ABSTRACT: There is an absence of education regarding psychosocial issues in Iraqi paediatric training programmes. The aim of this study is to examine current knowledge and perspectives around these topics and to explore potential development in these programmes. 56 paediatric trainers and students at the Child Central Teaching Hospital, a hospital affiliated to the Al-Mustansyria medical college in Baghdad, responded to a questionnaire to evaluate knowledge and perspectives regarding psychosocial approaches to child and adolescent health as delivered presently via academic training and used in professional practice. The majority of the respondents reported having no training in psychosocial interventions. Using a scale from 0 ('not relevant') to 10 ('very important'), psychosocial issues were rated 7.1 in their relevance to everyday paediatric practice. On a scale of 0 ('very poor') to 10 ('totally adequate'), respondents rated formal current psychosocial training at 2.5. It is concluded that incorporating psychosocial approaches in paediatric training will lead to a broader base of knowledge in children's health and contribute to the promotion of multidisciplinary practice in Iraq.
    Medicine Conflict and Survival 03/2013; 29(1):45-56. DOI:10.1080/13623699.2013.765196
  • Source
    • "the country (e.g., civil war) and their effects on psychopathology. While clinical psychological research in Lebanon has mainly focused on mental disorders and indicators (e.g., Karam et al. 2006) and while these studies are somewhat useful, they are mainly focused on pathologies and do not elucidate how the Lebanese people and communities cope, deal and live with experiences of violence and suffering in their everyday life and in everyday situations. Studies on subjective well-being and happiness can highlight other ways of adaptations and strengths that may emerge from experiences of violence. "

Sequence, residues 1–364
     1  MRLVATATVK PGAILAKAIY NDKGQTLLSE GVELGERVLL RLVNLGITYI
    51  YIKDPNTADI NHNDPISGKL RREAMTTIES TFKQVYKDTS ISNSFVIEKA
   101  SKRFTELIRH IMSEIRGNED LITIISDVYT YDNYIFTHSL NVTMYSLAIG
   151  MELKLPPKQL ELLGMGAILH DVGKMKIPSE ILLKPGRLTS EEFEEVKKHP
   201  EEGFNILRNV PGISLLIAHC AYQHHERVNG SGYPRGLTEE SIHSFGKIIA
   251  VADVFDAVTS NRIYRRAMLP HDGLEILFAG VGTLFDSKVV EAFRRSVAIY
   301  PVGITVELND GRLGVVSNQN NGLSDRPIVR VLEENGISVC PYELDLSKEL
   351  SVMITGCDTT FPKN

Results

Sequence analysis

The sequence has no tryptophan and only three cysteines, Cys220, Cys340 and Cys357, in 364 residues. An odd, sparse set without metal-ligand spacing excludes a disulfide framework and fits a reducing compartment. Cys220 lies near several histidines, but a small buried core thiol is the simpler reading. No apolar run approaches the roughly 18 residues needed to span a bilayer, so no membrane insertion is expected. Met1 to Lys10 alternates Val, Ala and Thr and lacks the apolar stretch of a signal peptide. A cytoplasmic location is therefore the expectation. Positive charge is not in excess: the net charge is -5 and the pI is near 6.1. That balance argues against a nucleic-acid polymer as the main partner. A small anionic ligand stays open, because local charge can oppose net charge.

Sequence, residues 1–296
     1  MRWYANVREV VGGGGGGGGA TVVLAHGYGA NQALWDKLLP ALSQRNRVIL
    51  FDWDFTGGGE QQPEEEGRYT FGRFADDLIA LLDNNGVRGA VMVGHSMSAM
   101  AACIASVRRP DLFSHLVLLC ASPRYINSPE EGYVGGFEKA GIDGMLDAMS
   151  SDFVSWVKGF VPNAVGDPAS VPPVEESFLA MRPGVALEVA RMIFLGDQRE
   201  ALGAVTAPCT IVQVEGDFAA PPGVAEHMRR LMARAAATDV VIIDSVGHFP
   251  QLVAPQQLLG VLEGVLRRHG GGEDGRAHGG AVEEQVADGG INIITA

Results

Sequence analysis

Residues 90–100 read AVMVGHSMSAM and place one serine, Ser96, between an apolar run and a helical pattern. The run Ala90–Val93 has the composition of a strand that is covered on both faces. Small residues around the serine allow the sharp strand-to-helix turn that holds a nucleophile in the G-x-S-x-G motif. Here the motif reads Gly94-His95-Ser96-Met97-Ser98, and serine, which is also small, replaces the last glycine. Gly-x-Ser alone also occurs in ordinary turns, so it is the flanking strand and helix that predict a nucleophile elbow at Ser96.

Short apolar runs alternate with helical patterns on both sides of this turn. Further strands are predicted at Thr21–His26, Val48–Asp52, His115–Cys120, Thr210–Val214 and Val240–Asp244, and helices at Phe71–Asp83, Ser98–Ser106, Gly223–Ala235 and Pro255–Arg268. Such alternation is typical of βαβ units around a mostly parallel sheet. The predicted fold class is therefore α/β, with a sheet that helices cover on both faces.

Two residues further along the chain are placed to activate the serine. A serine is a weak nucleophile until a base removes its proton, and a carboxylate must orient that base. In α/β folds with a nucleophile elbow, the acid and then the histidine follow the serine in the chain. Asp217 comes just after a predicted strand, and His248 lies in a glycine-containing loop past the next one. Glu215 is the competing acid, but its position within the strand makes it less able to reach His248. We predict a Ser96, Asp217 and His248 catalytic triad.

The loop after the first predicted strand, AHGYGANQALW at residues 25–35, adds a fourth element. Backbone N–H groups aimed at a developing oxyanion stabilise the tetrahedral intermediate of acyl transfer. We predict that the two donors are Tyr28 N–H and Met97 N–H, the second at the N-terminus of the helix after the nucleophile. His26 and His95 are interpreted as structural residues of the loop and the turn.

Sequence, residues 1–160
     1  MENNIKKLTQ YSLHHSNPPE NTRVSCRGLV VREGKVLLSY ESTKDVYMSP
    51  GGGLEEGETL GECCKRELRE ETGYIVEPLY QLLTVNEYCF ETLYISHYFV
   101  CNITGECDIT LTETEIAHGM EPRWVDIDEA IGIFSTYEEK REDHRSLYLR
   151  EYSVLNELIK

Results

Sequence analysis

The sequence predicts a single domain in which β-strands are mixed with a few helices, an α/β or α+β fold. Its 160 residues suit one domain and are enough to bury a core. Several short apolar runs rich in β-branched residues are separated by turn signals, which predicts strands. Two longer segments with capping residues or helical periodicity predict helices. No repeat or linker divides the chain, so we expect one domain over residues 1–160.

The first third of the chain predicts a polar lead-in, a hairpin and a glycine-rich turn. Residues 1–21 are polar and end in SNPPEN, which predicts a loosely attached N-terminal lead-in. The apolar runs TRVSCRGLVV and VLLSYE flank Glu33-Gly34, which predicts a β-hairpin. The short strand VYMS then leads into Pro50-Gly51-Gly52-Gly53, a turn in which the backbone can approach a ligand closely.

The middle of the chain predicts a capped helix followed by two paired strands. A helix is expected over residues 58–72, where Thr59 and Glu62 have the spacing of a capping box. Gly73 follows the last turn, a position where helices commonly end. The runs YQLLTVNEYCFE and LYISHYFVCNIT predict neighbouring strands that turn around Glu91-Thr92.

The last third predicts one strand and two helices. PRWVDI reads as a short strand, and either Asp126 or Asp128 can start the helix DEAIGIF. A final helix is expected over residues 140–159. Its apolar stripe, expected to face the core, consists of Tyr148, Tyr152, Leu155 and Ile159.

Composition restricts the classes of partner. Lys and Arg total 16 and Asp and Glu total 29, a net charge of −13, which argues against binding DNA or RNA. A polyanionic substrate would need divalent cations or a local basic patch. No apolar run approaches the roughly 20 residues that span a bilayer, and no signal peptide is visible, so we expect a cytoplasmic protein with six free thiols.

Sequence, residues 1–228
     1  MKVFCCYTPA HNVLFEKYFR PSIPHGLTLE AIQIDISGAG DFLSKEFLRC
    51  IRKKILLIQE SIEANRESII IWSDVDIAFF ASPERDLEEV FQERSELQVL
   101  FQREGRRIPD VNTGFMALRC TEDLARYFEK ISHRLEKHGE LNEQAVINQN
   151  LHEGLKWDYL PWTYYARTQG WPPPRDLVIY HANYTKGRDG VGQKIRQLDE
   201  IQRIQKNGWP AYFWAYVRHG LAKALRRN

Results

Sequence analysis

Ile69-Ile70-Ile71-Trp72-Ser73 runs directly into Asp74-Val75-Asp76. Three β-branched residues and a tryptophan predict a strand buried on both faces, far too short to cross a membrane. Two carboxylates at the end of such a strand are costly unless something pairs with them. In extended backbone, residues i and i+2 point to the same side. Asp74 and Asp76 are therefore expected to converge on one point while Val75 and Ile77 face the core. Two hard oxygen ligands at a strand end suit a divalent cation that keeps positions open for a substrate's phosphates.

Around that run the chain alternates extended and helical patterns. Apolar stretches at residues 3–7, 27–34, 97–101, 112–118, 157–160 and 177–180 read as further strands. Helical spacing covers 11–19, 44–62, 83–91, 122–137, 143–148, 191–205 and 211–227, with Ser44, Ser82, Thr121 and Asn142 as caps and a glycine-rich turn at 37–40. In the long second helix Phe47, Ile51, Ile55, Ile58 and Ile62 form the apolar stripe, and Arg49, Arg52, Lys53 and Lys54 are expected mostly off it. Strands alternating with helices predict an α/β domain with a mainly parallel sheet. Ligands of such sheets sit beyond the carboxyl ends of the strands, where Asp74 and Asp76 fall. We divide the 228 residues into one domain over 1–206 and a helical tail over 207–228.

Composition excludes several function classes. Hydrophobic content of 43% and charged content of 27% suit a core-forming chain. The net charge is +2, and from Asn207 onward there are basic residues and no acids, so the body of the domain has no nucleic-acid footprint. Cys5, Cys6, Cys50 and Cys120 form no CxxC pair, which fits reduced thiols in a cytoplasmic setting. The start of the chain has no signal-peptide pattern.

[Show abstract] [Hide abstract]
    ABSTRACT: The present study evaluated the subjective happiness of Lebanese college youth using a multi-item rather than a single-item subjective happiness measure. An Arabic translation of the Subjective Happiness Scale (SHS) was administered to 273 Lebanese college youth from state- and private-run higher institutions of learning, as was the Arabic Adult Parental Acceptance-Rejection Questionnaire (Arabic PARQ). The reliability and validity of the Arabic SHS was tested in terms of factor analysis, internal consistency, and correlation with Arabic PARQ scores, as was the factorial invariance and relation of the scale across age, sex, marital status, birth order, and college campus. The Arabic SHS showed a reliable unitary structure similar to those found in other cultures, and factorial invariance across sex, marital status, birth order and college campus. While age, sex, marital status and birth order were independent of happiness scores, college students attending the private university reported greater happiness than those from the state-run academic setting. It was concluded that the Lebanese Arabic SHS is a reliable and valid measure of global subjective happiness, its factor structure is similar across other translated versions of the scale, and its scores are independent of age, sex, marital status and birth order.
    Social Indicators Research 11/2012; 109(2). DOI:10.1007/s11205-011-9895-5 · 1.40 Impact Factor
Show more